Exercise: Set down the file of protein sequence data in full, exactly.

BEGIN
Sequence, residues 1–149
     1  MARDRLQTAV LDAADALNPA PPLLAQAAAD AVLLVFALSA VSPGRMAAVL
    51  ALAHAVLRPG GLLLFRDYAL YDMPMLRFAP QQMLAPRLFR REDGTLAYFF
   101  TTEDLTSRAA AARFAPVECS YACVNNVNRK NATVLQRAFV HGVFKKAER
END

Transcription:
Sequence, residues 1–149
     1  MARDRLQTAV LDAADALNPA PPLLAQAAAD AVLLVFALSA VSPGRMAAVL
    51  ALAHAVLRPG GLLLFRDYAL YDMPMLRFAP QQMLAPRLFR REDGTLAYFF
   101  TTEDLTSRAA AARFAPVECS YACVNNVNRK NATVLQRAFV HGVFKKAER